Circadian clock and vascular disease

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    • MAEMURA Koji
    • Department of Cardiovascular Medicine, Nagasaki University Graduate School of Biomedical Sciences


Cardiovascular functions, including blood pressure and vascular functions, show diurnal oscillation. Circadian variations have been clearly shown in the occurrence of cardiovascular events such as acute myocardial infarction. Circadian rhythm strongly influences human biology and pathology. The identification and characterization of mammalian clock genes revealed that they are expressed almost everywhere throughout the body in a circadian manner. In contrast to the central clock in the suprachiasmatic nucleus (SCN), the clock in each tissue or cell is designated as a peripheral clock. It is now accepted that peripheral clocks have their own roles specific to each peripheral organ by regulating the expression of clock-controlled genes (CCGs), although the oscillation mechanisms of the peripheral clock are similar to that of the SCN. However, little was known about how the peripheral clock in the vasculature contributes to the process of cardiovascular disorders. The biological clock allows each organ or cell to anticipate and prepare for changes in external stimuli. Recent evidence obtained using genetically engineered mice with disrupted circadian rhythm showed a novel function of the internal clock in the pathogenesis of endothelial dysfunction, hypertension and hemostasis. Loss of synchronization between the central and peripheral clock also contributes to the pathogenesis of cardiovascular diseases, as restoration of clock homeostasis could prevent disease progression. Identification of CCGs in each organ, as well as discovery of tools to manipulate the phase of each biological clock, will be of great help in establishing a novel chronotherapeutic approach to the prevention and treatment of cardiovascular disorders.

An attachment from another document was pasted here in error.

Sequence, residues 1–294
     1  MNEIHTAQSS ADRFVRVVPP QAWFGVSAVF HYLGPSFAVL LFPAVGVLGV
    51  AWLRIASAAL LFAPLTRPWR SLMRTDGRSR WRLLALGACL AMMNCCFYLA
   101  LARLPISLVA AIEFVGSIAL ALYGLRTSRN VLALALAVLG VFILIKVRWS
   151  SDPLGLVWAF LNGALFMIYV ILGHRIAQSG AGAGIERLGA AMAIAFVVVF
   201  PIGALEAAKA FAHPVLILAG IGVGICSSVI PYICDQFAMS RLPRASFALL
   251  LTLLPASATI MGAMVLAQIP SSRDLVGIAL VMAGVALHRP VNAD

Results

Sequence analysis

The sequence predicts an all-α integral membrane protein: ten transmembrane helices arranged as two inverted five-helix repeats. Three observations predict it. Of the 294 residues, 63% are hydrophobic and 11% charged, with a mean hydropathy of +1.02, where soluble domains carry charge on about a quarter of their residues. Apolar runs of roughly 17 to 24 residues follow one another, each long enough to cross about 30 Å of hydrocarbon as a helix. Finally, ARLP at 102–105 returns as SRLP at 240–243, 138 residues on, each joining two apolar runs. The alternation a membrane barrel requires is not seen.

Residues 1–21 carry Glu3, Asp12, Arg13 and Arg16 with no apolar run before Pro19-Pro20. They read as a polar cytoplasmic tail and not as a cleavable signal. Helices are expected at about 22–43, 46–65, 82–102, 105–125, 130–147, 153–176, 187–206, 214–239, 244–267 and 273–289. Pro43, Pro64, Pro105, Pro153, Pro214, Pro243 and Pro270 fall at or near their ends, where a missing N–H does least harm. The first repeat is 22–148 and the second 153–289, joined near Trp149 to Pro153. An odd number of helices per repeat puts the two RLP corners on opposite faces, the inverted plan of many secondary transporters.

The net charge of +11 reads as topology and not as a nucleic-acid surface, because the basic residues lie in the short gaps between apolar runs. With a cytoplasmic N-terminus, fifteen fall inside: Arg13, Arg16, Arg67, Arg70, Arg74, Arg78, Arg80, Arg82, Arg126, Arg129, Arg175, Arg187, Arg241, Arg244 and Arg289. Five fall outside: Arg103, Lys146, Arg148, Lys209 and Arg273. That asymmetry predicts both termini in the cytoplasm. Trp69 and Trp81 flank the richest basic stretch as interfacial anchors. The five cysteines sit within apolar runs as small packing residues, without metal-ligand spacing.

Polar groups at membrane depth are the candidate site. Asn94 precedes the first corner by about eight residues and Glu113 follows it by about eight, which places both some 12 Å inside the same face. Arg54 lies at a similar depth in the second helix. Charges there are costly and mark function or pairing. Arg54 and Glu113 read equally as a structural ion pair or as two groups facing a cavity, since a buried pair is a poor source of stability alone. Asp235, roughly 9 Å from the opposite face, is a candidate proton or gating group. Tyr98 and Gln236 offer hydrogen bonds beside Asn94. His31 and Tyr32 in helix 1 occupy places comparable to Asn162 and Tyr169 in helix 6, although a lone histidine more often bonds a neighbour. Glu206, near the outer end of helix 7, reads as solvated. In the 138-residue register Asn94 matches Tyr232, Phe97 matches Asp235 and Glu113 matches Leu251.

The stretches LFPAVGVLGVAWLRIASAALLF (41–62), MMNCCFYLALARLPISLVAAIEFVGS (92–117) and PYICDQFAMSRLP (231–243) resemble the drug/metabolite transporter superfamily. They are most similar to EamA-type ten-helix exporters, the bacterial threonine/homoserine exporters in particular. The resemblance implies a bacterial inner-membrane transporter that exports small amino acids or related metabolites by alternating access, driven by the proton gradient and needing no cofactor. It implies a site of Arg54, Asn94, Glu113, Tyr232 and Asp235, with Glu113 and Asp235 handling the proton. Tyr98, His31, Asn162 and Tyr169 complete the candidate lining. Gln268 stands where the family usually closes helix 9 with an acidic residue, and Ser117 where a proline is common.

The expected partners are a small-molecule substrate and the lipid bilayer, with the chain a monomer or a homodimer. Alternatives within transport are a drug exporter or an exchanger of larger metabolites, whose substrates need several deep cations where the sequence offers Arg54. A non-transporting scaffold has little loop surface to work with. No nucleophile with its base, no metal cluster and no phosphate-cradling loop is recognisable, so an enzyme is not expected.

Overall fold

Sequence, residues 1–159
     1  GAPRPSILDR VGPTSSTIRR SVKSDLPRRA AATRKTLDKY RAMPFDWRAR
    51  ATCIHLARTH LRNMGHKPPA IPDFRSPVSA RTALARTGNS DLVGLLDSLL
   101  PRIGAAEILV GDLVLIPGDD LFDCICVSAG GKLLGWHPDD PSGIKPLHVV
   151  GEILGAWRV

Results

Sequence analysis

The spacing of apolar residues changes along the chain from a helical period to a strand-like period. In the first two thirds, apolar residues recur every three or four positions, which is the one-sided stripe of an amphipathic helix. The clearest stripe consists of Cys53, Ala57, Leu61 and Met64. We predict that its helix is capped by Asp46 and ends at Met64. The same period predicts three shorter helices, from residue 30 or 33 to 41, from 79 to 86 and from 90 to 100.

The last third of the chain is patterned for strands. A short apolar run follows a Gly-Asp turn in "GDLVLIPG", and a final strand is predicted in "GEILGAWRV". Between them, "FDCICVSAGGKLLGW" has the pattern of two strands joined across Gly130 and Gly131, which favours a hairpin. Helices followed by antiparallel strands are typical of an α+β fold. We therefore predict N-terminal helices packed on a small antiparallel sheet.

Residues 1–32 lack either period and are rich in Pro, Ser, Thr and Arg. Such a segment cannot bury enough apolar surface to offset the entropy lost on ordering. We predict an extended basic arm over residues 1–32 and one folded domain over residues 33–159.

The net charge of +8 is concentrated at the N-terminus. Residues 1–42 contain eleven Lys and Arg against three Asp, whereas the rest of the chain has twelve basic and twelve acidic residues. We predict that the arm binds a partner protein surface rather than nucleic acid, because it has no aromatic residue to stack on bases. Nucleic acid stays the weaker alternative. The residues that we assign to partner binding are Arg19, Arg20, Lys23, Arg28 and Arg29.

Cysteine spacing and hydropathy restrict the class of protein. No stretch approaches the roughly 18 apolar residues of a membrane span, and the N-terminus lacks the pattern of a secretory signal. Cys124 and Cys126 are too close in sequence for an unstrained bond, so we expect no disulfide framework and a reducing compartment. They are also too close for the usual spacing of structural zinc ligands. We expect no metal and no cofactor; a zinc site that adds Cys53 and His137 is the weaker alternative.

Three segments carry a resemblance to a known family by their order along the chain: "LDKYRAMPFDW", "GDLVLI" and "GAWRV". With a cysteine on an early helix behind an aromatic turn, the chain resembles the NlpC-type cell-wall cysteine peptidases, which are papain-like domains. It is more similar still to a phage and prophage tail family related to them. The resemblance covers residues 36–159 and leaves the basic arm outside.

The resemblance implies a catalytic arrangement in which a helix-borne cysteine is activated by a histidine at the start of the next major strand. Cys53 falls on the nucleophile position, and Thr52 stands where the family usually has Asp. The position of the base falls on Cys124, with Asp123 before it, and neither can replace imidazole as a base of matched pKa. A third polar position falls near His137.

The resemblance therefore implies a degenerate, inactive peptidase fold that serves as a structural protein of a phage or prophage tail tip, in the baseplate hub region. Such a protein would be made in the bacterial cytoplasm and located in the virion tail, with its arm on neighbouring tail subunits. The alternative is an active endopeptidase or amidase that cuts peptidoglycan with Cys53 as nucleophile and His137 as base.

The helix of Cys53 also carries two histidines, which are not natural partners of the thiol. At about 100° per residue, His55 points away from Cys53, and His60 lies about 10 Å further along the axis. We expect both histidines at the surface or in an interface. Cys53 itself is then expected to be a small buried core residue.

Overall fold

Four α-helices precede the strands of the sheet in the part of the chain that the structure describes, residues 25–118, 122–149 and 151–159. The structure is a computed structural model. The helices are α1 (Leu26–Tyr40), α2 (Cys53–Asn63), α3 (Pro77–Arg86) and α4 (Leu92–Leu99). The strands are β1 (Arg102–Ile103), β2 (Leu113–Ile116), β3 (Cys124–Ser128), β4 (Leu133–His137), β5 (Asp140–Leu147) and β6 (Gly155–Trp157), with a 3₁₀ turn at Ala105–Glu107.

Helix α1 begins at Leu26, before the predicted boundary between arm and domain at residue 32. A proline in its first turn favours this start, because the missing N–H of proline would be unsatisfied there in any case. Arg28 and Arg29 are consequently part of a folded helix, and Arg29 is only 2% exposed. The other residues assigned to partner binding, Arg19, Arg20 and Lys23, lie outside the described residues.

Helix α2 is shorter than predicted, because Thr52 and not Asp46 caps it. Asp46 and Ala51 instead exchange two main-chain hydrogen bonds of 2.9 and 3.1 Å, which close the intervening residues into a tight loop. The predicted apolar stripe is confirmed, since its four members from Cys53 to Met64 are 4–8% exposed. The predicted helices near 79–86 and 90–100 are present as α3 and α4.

• Hypertension research : official journal of the Japanese Society of Hypertension

    Hypertension research : official journal of the Japanese Society of Hypertension 33(7), 645-651, 2010-07-01

References:  87


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